«Ethiopian Village Studies (Designed and edited by Philippa Bevan and Alula Pankhurst) Turufe Kecheme Shashemene Woreda researched by Getachew Fule ...»
Ethiopian Village Studies
(Designed and edited by Philippa Bevan and Alula Pankhurst)
Getachew Fule and Mesfin Tadesse
(Field managers: Bereket Kebede and Shukri Ahmed)
One of a series of 15 studies edited and produced jointly by the Department of
Sociology, Addis Ababa University, Ethiopia and the Centre for the Study of African
Economies, Oxford, UK and financed by the UK Overseas Development
All the reports in this series have been constructed from a number of sources:
• A background paper on aspects of the local culture in which the Peasant Association is located, based mainly on secondary sources;
• Some rapid assessment material collected in the PA by site managers and enumerators whose chief business was administering 3 rounds of a household economic survey which covered a whole year of economic activity;
• A field visit to the site by an anthropologist who took a draft village profile for correction and supplementation. In a few cases the profiles were not ready before the filed visit was done, but the same questions were followed up;
• A questionnaire completed by the enumerators at the end of the survey;
• A community economic survey administered by the site managers.
A large number of people has been involved in the construction of these profiles. Most important are the people in the villages who answered questions, raised issues we had not thought of, and provided hospitality for our fieldworkers. The site managers, enumerators, and anthropologists played a vital role, but are too numerous to mention by name here; the names of some are on the title pages of the profiles.
Etalem Melaku-Tjirongo and Joanne Moores constructed the majority of the first drafts of the profiles.
Sandra Fullerton Joireman provided important assistance in the preparation of the final drafts. Backup in terms of translating, editing, word processing, mapmaking and general support were provided by Tina Barnard, Ziggy Bevan, Girma Getahun, Haile Redai, Sarah Smith, and Ruth Tadesse. Our economist colleagues at Oxford (Shukri Ahmed, Stefan Dercon, and Pramila Krishnan) and Addis Ababa (particularly Bereket Kebede, Getinet Astatke, and Mekonnen Tadesse) provided ideas and conversation from economics which stimulated our thought processes. The administration in the Economics Department at Addis Ababa University was extremely supportive.
Profiles are available for the following villages:
Tigray: Geblen Gojjam: Yetmen
1. Locating the Site in Time and Space
Geography and Population
2. Seasonal Activities and Events
3. The Farm Economy
Common Property Resources
4. Off-farm Income Activities
Within the Community
5. Reproductive Activity
Fuel and Lighting
Childbirth and Childcare
Food and Other Day-to-Day Goods
Saving and Investment
7. Local Institutions and Organizations
Age Grading, Life Cycle Changes and Rites of Passage
Credit and Social Security
8. Beliefs and Values
Explanations of Misfortune and Illness
Political Beliefs and Attitudes
9. The Community
Poverty and Wealth
10. Relationships with Other Communities and the Wider Society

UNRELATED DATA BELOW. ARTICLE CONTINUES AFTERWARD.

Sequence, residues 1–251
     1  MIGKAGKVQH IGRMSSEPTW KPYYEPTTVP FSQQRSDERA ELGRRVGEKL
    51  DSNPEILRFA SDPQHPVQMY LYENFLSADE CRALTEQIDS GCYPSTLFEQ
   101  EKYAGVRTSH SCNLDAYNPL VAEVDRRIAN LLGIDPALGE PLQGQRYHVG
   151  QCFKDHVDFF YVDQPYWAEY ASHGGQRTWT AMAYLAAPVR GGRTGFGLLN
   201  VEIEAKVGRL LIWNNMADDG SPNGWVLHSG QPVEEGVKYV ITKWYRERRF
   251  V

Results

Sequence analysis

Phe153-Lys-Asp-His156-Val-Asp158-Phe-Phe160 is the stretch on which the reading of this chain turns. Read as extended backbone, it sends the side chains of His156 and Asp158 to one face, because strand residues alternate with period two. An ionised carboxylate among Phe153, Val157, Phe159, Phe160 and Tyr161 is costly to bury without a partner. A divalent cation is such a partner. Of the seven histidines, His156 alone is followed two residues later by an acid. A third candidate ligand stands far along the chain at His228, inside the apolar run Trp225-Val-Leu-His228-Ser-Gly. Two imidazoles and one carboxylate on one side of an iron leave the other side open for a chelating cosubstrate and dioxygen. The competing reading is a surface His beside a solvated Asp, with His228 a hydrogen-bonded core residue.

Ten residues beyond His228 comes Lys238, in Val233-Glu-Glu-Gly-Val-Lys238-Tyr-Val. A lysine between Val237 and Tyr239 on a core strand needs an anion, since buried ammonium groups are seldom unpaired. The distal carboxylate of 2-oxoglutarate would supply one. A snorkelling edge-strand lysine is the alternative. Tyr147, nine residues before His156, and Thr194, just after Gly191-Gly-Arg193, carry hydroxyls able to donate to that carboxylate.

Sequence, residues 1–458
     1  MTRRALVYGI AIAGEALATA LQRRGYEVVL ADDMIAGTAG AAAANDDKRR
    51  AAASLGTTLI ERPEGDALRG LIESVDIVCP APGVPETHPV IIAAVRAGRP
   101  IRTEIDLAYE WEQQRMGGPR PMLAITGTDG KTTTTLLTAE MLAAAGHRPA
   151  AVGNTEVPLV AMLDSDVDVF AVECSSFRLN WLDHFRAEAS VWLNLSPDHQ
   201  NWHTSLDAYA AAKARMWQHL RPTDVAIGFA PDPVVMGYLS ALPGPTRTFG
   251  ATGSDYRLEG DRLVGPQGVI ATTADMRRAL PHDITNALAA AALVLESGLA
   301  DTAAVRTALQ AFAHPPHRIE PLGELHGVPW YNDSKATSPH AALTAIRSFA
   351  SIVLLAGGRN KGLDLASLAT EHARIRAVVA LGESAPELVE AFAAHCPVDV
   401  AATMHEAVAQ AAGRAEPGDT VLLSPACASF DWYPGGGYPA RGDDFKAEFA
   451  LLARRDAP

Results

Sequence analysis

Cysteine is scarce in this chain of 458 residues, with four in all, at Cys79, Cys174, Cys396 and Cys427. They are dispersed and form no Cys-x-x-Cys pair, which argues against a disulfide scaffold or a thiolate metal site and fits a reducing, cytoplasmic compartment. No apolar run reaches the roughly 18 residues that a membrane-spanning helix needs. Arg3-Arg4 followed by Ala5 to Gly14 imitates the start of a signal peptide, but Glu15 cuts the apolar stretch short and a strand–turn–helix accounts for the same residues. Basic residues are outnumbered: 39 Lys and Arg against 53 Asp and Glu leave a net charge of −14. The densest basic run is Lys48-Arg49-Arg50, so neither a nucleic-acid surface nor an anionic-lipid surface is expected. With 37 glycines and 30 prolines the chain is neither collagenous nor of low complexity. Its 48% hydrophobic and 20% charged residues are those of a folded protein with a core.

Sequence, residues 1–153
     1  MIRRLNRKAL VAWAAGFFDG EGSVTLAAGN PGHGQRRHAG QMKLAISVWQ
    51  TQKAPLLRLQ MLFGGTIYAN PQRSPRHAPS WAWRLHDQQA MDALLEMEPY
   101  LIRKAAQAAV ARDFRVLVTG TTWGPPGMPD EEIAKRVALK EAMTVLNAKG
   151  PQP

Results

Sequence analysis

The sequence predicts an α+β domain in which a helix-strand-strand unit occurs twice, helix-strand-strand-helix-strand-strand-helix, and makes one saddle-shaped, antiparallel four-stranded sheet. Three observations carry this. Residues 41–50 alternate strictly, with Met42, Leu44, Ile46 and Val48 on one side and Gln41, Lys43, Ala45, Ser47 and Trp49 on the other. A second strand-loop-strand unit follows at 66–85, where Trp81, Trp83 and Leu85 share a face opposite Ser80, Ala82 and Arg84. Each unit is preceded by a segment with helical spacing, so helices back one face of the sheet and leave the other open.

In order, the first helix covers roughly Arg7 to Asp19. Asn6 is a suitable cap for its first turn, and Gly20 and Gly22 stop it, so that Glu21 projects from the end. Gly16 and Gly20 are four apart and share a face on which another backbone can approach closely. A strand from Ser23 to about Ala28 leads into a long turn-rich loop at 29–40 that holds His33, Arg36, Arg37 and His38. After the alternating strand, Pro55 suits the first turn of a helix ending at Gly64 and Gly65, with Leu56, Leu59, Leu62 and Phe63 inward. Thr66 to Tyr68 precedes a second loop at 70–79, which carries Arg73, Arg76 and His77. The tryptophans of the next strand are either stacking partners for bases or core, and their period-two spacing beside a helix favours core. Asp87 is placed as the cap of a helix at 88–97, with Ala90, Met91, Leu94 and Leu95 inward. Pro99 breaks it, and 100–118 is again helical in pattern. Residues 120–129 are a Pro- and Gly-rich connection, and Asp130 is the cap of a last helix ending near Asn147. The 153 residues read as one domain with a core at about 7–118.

Clans and Tribes
Villages and Regions
Effects of Government Policies
Government Activities in the Community
NGO and Community Activities in the Community
1. Locating the Site in Time and Place Geography and Population Turufe Kecheme is a Peasant Association located in Shashemene Woreda in the Eastern Shewa zone of Oromiya Region. It includes two villages, Turufe and Wetera. In 1979 Turufe Kecheme was one of the 81 PAs in Shashemene woreda neighbouring Kuyara Kebele, Karrara Butte PA and Shasha Qorke PA in the north, Karrarra K'eye Filicha PA and Elemo Abiyu PA in the south, Hagugata Jallo PA in the west and Wetera Dansha and Wetera Sake in the east. The PA is about 12.5 km north east of the town of Shashemene (Halelu) in the area of the Great Lakes of Zwai, Langano, Abiyata and Shalla. It is situated at about 2,000m and is in a plain area with fertile soil suitable for agriculture. In the vicinity of the area there are large forests under the protection of the government and 3 rivers, one of which passes through the PA.
There are 449 households in Turufe Kecheme PA, 410 of whom are male-headed and 39 femaleheaded. The total population is estimated to be 2674. There are some households not registered with the PA but their number is not known.
ClimateThe meher rains fall between June and the middle of September. This rain irrigates the meher crops which are produced in December and January. The belg rain falls from March to the end of April and irrigates the belg crop which is produced in June, July and sometimes August. The coldest time in the PA is in July and August and sometimes in October. The hotter time is from January (29°C) to May (31°C). During the rainy season the PA is not cut off from the nearest towns (Kuyara and Shashemene).
There are no problems caused by heat but some respondents remember crops, especially wheat, being destroyed by cold which reduced the quantity of the harvest.
The people are primarily subsistence level agriculturalists producing cereals (wheat, barley, tef, maize, dagusa, millet), pulses (horse beans), oil seeds (linseed), and vegetables (potatoes, onions). They also grow enset, chat and coffee. The main crops they produce for consumption and cash are potatoes, maize, wheat, barley and tef. The PA supplies potatoes and maize to Addis Ababa through merchants both from Addis Ababa and around Kuyera.
Off-farm activities in the PA include honey production and transporting crops to markets. The villagers also go to the markets to buy or sell crops, cattle and livestock.
In the area where Turufe Kecheme is, particularly Shashemene town, there are numerous migrants.
According to farmers' estimates the main ethnic groups in Turufe Kecheme now include Oromo about 80 %, Tigrayans about 10%, Amhara about 4%, Wolayitta about 6%. There were ethnic conflicts after the overthrow of Mengistu (May 1991) and many of the Kembatas were forced to leave the area by the local Oromos. Of a total of 413 households who were then members of the PA 117 were Kembata before they left. Of the 87 households who were living in Village One 53 were left and of 30 living in Village Two 27 were left. Of those who left some went back to Kembata and some were in a relief camp near Shashemene. The aid stopped last year and the Kembatas left the camp either to work as daily labourers around Shashemene, or they went back to their region. The land they left behind was occupied by landless peasants, ex-soldiers, and some peasants who needed extra land in the PA. All of these were Oromo farmers, except for one Eritrean elder: the remaining ethnic groups had no opportunity to get the Kembata's land because it was the Oromo who drove the Kembata out in order to get land.